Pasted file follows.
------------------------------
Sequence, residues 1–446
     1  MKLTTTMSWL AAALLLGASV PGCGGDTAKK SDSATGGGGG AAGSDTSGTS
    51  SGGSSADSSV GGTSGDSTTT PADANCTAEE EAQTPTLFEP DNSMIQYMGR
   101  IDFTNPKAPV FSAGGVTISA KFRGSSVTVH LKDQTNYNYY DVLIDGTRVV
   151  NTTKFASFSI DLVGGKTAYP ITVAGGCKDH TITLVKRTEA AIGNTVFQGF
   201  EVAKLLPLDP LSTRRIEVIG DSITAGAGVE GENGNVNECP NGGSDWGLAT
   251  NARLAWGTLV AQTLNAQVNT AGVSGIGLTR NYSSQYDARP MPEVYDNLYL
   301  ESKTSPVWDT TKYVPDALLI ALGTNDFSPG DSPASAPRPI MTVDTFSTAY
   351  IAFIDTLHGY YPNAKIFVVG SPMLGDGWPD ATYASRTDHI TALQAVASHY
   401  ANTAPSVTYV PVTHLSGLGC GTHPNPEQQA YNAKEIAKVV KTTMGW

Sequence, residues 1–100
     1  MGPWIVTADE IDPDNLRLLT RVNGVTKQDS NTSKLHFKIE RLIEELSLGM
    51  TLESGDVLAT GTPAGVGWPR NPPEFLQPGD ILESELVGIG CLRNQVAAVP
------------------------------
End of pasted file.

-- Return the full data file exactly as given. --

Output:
Sequence, residues 1–446
     1  MKLTTTMSWL AAALLLGASV PGCGGDTAKK SDSATGGGGG AAGSDTSGTS
    51  SGGSSADSSV GGTSGDSTTT PADANCTAEE EAQTPTLFEP DNSMIQYMGR
   101  IDFTNPKAPV FSAGGVTISA KFRGSSVTVH LKDQTNYNYY DVLIDGTRVV
   151  NTTKFASFSI DLVGGKTAYP ITVAGGCKDH TITLVKRTEA AIGNTVFQGF
   201  EVAKLLPLDP LSTRRIEVIG DSITAGAGVE GENGNVNECP NGGSDWGLAT
   251  NARLAWGTLV AQTLNAQVNT AGVSGIGLTR NYSSQYDARP MPEVYDNLYL
   301  ESKTSPVWDT TKYVPDALLI ALGTNDFSPG DSPASAPRPI MTVDTFSTAY
   351  IAFIDTLHGY YPNAKIFVVG SPMLGDGWPD ATYASRTDHI TALQAVASHY
   401  ANTAPSVTYV PVTHLSGLGC GTHPNPEQQA YNAKEIAKVV KTTMGW

Sequence, residues 1–100
     1  MGPWIVTADE IDPDNLRLLT RVNGVTKQDS NTSKLHFKIE RLIEELSLGM
    51  TLESGDVLAT GTPAGVGWPR NPPEFLQPGD ILESELVGIG CLRNQVAAVP